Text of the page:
INDIANAPOLIS — Indiana University-Purdue University Indianapolis researchers in the School of Engineering and Technology, School of Medicine, and School of Science have received a total of $85,000 in FORCES funding to support the development and commercialization of their work.
The Office of the Vice Chancellor for Research oversees FORCES, or Funding Opportunities for Research Commercialization and Economic Success. The initiative has awarded more than $1 million to more than 30 faculty members since 2011.
Kevin Michael Berkopes, a mathematician in the School of Science and director of the Mathematics Assistance Center and Statistics Assistance Center, received $35,000 for “Virtual Learning Spaces: Creating Virtual Spaces for Future Teacher Support and Professional Exam Preparation.” The work could support future mathematics and K-5 general-education teachers.
“This FORCES funding will help researchers from the School of Science and the School of Education collaborate to create high-tech virtual learning spaces,” he said. “The intention is to create a virtual learning space that is embedded in the learning management system canvas and available free of charge to all IUPUI students enrolled in the elementary-education degree path.”
Berkopes founded Crossroads Education through the Spin Up program of the Indiana University Research and Technology Corp. to commercialize his work.
“Should the product prove impactful, we intend to apply for funding to investigate our virtual learning space design as something that is exportable to different sectors. We hope that we can research and investigate new technologies for providing quality interactions with mathematical content and to enable collaboration and professional development for current and future teachers of mathematics,” he said.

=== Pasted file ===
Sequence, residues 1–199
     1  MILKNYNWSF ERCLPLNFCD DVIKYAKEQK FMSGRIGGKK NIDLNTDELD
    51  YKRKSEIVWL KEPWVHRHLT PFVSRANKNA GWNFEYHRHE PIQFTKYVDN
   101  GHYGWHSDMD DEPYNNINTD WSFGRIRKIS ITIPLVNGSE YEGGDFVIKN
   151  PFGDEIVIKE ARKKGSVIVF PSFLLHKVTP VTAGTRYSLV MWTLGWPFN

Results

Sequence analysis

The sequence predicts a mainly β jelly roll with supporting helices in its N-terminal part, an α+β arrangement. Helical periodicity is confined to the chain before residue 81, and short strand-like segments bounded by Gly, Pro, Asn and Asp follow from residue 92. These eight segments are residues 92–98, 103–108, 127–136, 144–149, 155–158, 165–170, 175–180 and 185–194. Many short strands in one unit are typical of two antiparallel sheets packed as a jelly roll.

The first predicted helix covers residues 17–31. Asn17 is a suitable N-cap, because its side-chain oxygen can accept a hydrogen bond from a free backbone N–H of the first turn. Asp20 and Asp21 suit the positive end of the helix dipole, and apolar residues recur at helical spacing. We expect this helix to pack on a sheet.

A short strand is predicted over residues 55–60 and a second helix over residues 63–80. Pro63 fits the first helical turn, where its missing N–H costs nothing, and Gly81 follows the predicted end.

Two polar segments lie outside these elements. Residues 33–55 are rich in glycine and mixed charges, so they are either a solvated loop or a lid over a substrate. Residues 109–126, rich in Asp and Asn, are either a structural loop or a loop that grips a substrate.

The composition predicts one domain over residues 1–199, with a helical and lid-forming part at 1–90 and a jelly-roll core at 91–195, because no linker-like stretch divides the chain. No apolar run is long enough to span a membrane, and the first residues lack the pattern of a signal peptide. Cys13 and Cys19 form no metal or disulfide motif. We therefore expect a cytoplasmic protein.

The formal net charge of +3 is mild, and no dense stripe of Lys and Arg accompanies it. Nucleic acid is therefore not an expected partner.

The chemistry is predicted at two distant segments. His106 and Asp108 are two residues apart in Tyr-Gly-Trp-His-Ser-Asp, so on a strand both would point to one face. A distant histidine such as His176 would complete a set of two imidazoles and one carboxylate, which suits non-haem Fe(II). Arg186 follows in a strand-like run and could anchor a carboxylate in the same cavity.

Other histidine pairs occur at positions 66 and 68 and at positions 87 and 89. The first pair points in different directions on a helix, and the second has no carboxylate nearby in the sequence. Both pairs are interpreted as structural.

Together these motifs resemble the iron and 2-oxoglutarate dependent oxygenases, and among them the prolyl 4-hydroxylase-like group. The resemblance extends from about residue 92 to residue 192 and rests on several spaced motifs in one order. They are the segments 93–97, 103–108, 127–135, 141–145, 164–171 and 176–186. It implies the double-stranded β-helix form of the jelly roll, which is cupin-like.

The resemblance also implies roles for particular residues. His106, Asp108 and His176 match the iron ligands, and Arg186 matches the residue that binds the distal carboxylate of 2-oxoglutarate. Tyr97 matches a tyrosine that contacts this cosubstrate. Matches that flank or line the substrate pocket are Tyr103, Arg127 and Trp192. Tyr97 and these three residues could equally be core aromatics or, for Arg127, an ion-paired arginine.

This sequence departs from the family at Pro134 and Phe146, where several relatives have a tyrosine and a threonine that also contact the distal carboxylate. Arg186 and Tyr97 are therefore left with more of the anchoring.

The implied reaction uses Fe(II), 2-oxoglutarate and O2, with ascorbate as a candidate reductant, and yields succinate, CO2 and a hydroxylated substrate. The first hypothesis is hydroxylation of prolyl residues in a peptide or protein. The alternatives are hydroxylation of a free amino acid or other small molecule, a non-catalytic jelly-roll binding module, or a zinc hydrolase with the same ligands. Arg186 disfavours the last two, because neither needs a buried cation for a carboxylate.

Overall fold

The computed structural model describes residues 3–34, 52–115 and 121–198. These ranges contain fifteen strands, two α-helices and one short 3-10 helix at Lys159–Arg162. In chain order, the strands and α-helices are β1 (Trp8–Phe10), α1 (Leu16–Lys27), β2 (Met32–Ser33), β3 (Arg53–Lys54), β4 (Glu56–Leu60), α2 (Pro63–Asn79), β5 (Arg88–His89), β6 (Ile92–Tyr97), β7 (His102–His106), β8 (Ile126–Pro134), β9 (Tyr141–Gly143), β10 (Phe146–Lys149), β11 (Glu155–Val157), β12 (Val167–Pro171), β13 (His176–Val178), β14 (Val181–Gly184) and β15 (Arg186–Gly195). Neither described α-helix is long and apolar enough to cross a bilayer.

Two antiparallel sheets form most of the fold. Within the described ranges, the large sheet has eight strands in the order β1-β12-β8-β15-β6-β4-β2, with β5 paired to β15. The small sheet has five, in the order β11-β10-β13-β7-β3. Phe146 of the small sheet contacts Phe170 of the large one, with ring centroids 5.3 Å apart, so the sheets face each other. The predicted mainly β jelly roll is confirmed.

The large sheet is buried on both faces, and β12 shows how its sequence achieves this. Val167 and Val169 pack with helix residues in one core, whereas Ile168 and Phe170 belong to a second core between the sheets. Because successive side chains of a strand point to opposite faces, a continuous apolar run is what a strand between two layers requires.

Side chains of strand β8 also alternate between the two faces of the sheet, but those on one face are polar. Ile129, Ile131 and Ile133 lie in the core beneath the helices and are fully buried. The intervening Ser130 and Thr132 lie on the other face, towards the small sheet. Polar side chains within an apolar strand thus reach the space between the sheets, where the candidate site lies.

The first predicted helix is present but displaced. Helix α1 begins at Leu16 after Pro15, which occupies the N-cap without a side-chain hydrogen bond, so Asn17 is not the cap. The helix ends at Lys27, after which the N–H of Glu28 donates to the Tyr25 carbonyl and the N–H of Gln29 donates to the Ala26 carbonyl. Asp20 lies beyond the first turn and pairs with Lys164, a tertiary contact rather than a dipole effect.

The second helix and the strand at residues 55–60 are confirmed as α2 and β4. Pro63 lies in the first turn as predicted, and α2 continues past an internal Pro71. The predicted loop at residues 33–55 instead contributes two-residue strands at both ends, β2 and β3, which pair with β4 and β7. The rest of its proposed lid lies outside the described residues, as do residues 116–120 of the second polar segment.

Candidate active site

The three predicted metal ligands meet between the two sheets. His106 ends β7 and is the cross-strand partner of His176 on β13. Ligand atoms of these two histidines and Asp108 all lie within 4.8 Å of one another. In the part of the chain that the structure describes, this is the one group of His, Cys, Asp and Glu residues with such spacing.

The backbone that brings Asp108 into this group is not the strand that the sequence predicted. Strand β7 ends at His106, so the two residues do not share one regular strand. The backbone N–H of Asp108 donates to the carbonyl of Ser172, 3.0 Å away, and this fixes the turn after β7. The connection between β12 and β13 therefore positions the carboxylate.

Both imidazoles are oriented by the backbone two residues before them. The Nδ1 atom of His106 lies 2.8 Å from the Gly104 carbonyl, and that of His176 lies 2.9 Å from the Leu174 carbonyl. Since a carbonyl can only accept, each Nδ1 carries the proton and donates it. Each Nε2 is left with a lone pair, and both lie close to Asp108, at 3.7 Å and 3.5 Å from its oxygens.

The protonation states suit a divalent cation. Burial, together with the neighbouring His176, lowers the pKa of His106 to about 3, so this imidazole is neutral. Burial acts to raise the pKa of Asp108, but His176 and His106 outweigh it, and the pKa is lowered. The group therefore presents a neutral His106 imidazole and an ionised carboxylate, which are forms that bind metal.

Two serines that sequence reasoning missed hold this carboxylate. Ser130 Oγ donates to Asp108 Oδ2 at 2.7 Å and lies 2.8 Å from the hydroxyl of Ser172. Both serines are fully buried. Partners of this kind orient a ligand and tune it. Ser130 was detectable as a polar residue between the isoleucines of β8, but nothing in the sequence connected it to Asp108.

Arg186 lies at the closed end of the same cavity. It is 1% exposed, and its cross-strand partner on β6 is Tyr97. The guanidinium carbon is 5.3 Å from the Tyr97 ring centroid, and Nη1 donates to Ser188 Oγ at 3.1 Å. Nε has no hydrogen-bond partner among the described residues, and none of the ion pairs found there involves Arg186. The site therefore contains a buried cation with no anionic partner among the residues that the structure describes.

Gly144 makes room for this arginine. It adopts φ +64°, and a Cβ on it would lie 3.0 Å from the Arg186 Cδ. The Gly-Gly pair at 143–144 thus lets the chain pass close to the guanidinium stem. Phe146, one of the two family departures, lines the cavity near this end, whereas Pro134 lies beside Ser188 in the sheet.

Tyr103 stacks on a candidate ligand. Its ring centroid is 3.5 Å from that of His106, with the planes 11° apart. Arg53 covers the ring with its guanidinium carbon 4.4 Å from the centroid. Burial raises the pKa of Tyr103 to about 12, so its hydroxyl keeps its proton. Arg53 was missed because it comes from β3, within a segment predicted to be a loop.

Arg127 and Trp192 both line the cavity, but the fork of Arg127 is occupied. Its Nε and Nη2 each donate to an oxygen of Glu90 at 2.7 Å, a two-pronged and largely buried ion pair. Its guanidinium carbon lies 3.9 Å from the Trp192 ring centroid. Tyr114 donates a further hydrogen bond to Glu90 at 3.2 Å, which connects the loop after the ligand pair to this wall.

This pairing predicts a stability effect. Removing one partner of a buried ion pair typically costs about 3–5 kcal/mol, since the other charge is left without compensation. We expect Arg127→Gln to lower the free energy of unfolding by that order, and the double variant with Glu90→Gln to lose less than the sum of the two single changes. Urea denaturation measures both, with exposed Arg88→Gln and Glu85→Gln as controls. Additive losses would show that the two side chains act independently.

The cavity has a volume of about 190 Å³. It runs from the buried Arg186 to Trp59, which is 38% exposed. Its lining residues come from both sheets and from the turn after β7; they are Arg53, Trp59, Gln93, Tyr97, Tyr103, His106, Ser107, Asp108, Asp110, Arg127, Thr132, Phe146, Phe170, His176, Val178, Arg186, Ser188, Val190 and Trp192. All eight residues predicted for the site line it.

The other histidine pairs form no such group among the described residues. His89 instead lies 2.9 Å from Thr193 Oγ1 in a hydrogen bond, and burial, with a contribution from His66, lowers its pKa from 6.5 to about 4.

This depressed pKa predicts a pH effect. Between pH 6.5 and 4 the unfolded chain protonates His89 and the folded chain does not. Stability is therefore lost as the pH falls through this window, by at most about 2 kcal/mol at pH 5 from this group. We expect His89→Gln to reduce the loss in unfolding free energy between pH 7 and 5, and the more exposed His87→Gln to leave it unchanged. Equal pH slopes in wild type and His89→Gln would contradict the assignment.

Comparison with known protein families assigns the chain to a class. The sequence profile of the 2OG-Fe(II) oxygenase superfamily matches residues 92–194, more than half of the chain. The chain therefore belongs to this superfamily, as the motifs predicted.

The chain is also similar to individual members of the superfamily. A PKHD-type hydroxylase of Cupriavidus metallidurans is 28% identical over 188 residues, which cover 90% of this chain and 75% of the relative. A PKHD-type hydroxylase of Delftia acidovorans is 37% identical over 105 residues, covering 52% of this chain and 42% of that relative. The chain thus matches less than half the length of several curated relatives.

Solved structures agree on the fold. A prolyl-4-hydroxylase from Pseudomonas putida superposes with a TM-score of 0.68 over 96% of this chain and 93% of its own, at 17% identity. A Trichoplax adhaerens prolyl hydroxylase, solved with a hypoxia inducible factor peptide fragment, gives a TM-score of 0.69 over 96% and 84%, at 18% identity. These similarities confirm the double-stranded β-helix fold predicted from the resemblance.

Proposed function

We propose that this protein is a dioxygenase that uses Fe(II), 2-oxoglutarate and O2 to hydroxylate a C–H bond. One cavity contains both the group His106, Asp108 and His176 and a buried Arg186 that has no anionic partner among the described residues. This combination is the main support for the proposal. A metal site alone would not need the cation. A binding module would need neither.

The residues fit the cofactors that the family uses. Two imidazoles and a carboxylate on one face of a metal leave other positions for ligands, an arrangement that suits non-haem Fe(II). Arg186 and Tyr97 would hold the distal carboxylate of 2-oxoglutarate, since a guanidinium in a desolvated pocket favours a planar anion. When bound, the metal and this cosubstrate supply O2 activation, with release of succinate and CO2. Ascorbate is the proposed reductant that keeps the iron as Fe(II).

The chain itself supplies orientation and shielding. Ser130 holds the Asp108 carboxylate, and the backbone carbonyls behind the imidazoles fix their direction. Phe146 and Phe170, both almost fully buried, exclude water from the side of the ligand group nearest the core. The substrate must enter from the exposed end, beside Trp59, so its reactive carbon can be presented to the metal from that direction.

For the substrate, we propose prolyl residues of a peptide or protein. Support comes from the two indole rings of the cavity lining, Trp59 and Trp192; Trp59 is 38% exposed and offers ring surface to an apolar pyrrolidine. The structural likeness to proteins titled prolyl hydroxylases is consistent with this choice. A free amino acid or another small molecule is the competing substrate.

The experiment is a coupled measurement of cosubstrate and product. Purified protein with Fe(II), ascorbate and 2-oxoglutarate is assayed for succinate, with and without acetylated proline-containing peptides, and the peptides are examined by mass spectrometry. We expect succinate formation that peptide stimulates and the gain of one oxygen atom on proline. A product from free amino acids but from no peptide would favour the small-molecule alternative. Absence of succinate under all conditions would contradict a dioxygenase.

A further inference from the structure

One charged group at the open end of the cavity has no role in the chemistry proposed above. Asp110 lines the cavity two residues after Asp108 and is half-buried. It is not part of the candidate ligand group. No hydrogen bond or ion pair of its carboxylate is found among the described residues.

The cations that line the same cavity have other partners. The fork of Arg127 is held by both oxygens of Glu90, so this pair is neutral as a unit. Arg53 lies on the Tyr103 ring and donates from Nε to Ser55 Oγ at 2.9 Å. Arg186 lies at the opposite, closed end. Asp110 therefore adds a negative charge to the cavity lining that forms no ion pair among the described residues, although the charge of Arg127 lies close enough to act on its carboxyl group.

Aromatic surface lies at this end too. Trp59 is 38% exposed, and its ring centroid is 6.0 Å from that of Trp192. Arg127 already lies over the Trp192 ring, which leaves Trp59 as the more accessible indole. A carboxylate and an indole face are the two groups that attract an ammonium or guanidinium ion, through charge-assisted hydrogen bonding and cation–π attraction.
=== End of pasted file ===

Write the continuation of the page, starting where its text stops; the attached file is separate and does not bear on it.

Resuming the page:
Dr. Elliot J. Androphy, the Kampen-Norins Professor and chair of the Department of Dermatology at the School of Medicine, received $25,000 for “Evaluation of Novel Compounds for Motor Neuron Disease.” The project will determine whether novel drug-like compounds being developed have activity in a human neurologic disease.
“The funding will allow us to purchase the mouse model of this disease, hire staff and perform experiments,” he said. “If successful, we will apply for additional grants to characterize the mechanism by which these drugs act. It could be advanced into a clinical trial for people afflicted with neurologic disease.”
Andres Tovar, assistant professor in the School of Engineering and Technology, received $25,000 for “Commercialization of a Topology Optimization Algorithm to Design Lightweight, Multi-Functional Components with Optimized Internal Cellular (Porous) Structure.” The project could provide engineering product designers with a tool that automatically synthesizes porous architectures.
“The FORCES funding will facilitate the commercialization of this design algorithm, which was disclosed to IURTC in 2014. The algorithm has also been developed from existing research sponsored by Honda R&D America and the Walmart Foundation,” he said. “The FORCES funding will support the development of an alpha version of the algorithm to make the design tool marketable.”
The next round of applications for FORCES funding are due Sept. 15. Contact Karen White, 317-274-1083, email@example.com, for information.
About Indiana University Research and Technology Corp.
IURTC is a not-for-profit corporation tasked with the protecting and commercializing of technology emanating from innovations by IU researchers. Since 1997, IU research has generated more than 2,700 inventions resulting in over 3,900 global patent applications being filed by IURTC. These discoveries have generated $133 million in licensing and royalty income, including $111 million in funding for IU departments, labs and inventors.